No two players fit that description better than Stephen Strasburg and Bryce Harper, the heavily hyped phenoms Washington drafted with the No. 1 overall picks in the past two drafts. Neither, however, is likely to play a game for the Nats before September, if at all. Strasburg is still recovering from Tommy John surgery after a scintillating big league debut last summer (he went 5--3 with a 2.91 ERA and 12.2 strikeouts per nine innings), and Harper, 18, will begin his first professional season at Class A Hagerstown.
There may not have been a more apropos scene all spring: one March morning new Mets G.M. Sandy Alderson cheerfully bounded from his golf cart at the team's facility in Port St. Lucie, Fla., to clean up a mess his rescue dog, Buddy, had made on one of the pitching complexes. ("I guess he didn't like that pitcher," Alderson joked.) The well-respected former Marine and ex-G.M. of the A's inherited a franchise that is awash in scandal. Owner Fred Wilpon and his family are facing a billion-dollar lawsuit related to the Bernard L. Madoff Ponzi scheme. The roster is scandalous too, though the Mets deserve credit for ridding themselves this spring of expensive duds Luis Castillo and Oliver Perez, who had little chance of earning their sizable paychecks.
Alderson insists that the Wilpons' financial problems haven't impacted his baseball decisions, but the fact remains that the Mets' biggest signing of the winter was ... Chris Young. The 6' 10" former Padres starter signed a one-year, $1.1 million deal. Even if he's healthy after shoulder problems limited him to just one April start and three in September last season—he went 2--0 with an 0.90 ERA—he won't offset the absence of ace Johan Santana, who will be out until June after undergoing shoulder surgery last September.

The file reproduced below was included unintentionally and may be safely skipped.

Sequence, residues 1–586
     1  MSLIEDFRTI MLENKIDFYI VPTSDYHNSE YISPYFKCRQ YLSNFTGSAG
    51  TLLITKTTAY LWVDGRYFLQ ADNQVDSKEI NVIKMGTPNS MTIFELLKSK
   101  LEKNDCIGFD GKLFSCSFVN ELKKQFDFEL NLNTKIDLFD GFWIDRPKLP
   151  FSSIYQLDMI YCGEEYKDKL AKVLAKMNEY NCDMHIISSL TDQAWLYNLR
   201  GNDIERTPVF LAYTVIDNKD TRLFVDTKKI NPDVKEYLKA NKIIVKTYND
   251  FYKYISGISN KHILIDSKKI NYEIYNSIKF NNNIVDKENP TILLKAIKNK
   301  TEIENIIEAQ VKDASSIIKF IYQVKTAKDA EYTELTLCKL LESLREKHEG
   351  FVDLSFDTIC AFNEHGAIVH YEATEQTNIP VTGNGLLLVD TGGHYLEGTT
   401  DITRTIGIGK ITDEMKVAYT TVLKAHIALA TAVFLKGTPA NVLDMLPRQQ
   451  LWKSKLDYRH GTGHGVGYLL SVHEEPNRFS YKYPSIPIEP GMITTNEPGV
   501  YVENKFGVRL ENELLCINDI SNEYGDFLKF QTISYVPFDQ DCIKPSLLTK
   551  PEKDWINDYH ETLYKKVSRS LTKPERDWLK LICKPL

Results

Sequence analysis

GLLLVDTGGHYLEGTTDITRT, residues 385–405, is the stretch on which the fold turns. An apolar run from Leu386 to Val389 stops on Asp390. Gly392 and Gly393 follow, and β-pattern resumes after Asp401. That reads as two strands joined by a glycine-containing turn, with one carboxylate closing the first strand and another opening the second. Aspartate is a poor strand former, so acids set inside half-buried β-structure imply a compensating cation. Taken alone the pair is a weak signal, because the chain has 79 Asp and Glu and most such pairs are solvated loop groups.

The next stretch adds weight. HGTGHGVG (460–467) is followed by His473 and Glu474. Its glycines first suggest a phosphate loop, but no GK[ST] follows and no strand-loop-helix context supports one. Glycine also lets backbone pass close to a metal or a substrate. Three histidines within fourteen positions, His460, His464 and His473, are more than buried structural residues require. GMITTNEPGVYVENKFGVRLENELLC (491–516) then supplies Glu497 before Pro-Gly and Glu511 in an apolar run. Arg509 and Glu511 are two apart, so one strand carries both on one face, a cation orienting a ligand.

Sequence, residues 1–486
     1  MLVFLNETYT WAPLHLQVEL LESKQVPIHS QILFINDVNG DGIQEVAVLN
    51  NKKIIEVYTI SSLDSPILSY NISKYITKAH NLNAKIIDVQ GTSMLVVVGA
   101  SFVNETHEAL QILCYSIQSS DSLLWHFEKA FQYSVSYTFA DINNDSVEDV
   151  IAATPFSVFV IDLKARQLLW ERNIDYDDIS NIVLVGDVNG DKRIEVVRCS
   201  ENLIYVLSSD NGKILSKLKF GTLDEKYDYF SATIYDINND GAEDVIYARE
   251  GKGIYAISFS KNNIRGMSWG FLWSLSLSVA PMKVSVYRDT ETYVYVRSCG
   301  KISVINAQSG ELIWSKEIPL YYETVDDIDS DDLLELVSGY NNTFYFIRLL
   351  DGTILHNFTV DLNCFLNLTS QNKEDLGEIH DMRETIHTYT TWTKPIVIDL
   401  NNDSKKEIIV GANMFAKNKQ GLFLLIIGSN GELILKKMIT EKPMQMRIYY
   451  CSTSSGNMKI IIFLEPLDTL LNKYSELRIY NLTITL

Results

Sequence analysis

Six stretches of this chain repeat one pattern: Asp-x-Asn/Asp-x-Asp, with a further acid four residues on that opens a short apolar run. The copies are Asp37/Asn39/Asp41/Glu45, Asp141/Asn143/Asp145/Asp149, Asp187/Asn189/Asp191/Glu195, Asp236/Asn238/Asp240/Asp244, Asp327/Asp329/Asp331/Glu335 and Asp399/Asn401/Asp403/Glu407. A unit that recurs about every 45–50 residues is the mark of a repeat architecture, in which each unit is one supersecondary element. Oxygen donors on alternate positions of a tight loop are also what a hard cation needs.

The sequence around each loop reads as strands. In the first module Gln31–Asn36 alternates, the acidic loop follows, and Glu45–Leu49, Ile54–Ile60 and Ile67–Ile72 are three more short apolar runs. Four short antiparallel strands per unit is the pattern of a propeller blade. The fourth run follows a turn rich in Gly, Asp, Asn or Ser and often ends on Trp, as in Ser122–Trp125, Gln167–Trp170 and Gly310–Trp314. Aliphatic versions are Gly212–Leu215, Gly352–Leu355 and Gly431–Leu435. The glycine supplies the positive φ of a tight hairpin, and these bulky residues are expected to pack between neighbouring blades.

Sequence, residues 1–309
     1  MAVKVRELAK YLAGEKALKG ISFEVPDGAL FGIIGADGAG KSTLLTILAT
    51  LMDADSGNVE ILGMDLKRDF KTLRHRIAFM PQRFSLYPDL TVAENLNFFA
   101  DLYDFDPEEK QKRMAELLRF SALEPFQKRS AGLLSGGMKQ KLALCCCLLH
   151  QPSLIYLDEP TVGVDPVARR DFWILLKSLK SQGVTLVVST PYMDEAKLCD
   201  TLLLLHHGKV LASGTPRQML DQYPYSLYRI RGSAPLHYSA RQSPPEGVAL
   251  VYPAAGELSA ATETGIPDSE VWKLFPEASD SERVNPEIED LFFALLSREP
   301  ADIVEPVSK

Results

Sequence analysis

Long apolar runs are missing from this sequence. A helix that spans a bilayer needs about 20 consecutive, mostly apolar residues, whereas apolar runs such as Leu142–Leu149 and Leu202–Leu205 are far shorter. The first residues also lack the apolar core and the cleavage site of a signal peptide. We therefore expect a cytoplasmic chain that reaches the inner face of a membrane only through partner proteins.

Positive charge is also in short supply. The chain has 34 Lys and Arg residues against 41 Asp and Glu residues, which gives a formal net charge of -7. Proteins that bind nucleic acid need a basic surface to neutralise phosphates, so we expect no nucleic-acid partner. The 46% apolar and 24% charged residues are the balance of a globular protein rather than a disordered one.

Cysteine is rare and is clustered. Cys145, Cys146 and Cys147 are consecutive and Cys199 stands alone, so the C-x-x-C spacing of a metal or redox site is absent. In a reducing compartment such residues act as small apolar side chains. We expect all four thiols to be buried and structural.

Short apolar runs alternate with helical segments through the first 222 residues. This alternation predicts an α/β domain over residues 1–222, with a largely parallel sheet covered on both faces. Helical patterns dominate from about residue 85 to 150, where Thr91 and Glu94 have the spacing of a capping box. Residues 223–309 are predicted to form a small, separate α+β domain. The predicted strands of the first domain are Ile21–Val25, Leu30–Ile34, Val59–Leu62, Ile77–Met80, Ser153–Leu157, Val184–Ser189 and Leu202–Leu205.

Only three NL teams averaged fewer than the Mets' 4.1 runs last season. Since the lineup returns largely intact, an increase in offense will depend on two players who struggled with injuries in 2010. Shortstop Jose Reyes, entering the last year of a five-year, $34.3 million contract, missed 29 games last season with thyroid problems and an oblique injury; his .321 on-base percentage was his lowest since 2005, and his 30 steals were his fewest in a full season. Jason Bay, New York's $66 million signing of December 2009, played 95 games and hit only six home runs before being lost for the year with a concussion in late July. Bay got back to work in Seattle in December, focusing on "eliminating some moving parts" in his mechanics in an effort to create a bat path that will restore some of his lost power.
Aside from a lack of power from the right side of the plate—other than David Wright (29), no New York righthanded hitter had more than 12 home runs last season—the Mets and the Phillies have little in common. Philadelphia manager Charlie Manuel had to think for a minute when asked this spring to list the things his club needs. He came up with: 1) more right-handed pop (the Phils hit five fewer homers from that side than the Mets in 2010), 2) a fifth outfielder ... and that's it.